The Safety Fitness Determination Rule is now sitting on the plate for Federal Motor Carrier Safety Administration on which to chew.
Notice of Proposed Rulemaking to Increase the amount of liability insurance carriers must have is still on course to be published this month. The rule made its was to the Office of the White House, Management and Budget September 29th, and is expected to clear OMB any day now. The DOT report projected its clearance by October 12th, 2014 but the rule hasn’t cleared yet. The DOT lists a projected publication date of October 22.
Also on the docket, FMCSA’s Safety Fitness Determination Carrier Scoring plan and expected to be published in the first quarter of 2015 as well as with a rule to Mandate The Use of Speed Limiters on Class 8 trucks.
The DOT projects the speed limiter rule to be published in January and the Safety Fitness rule to be published in March. The speed limiter rule should be sent to the OMB this month, the report says. The projected date was Oct. 9. The Safety Fitness Determination rule is projected to hit the OMB in December and to be cleared there in early March, two weeks prior to the March 11 projected publication date. However, FMCSA’s Chief Safety Officer Jack Van Steenburg says the agency is shooting for a publication date of sometime within the 2015 fiscal year (by Oct. 1, 2015).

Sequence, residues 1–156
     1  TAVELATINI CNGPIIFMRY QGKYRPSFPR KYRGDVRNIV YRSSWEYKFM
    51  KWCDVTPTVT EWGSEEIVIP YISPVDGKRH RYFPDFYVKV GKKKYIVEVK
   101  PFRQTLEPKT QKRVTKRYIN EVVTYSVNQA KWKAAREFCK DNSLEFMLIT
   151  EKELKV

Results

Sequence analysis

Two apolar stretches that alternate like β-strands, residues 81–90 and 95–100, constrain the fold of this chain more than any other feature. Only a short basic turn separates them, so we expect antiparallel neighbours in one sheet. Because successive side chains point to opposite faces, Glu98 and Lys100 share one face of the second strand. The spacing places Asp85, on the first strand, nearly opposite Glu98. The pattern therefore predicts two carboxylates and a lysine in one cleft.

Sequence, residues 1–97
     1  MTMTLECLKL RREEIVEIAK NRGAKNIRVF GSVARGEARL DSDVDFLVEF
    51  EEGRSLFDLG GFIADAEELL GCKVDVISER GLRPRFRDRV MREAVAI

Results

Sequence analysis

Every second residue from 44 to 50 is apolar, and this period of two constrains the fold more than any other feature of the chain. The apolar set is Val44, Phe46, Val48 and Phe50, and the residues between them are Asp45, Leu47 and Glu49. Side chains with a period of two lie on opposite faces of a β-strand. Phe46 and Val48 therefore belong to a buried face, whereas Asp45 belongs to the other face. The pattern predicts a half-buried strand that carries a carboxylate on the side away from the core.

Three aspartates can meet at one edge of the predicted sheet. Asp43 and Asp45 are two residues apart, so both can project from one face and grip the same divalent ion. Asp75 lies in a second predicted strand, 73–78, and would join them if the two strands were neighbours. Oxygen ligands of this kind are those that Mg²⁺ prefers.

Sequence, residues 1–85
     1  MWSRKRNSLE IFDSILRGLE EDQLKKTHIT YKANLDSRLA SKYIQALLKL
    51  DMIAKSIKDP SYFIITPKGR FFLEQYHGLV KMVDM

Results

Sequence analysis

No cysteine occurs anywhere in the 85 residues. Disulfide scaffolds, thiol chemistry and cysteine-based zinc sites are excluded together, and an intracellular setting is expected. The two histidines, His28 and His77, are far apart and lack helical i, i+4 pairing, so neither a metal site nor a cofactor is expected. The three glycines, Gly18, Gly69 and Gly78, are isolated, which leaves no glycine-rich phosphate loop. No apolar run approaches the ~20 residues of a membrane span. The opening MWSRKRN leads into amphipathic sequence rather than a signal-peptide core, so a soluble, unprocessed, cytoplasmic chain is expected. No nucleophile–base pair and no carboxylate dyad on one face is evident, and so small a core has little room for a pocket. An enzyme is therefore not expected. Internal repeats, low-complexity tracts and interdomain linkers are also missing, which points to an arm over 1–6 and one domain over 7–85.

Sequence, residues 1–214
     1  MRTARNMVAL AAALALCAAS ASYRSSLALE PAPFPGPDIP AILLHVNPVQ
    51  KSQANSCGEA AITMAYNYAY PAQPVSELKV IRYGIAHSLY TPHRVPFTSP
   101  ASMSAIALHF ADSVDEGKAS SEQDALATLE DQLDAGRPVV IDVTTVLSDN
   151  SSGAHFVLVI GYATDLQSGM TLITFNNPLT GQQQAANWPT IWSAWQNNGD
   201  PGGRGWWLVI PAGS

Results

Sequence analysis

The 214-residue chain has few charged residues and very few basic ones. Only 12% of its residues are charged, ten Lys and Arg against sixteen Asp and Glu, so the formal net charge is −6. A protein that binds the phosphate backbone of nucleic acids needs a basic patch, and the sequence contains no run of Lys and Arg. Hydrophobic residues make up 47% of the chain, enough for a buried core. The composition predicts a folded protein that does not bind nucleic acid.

The agency also has on the docket for upcoming months publication of a Final Rule to implement a CDL Drug and Alchohol Clearinghouse, which would be a database of drivers who have failed or refused to take a drug or alcohol test. Carriers would be required to both query the database when making hires and upload drug testing information.
The Final Rule is expected to be sent to the OMB in June and cleared and published in September, according to the report.
Also, Final Rules to mandate electronic logging devices and prohibit coercion of drivers are also expected within the next year, though no projected dates for those are listed in the department’s report.
The proposed ELD mandate rule was published in late March, and the anti-coercion rule was published in May.
Other rulemakings in the report include FMCSA’s work on a new entrant training and testing process, which does not have any projected action dates listed; a rule to make it easier for military members to obtain a CDL, projected for publication next May; and a rule to require Transportation Security Administration background checks on hazmat haulers, which has no projected action dates.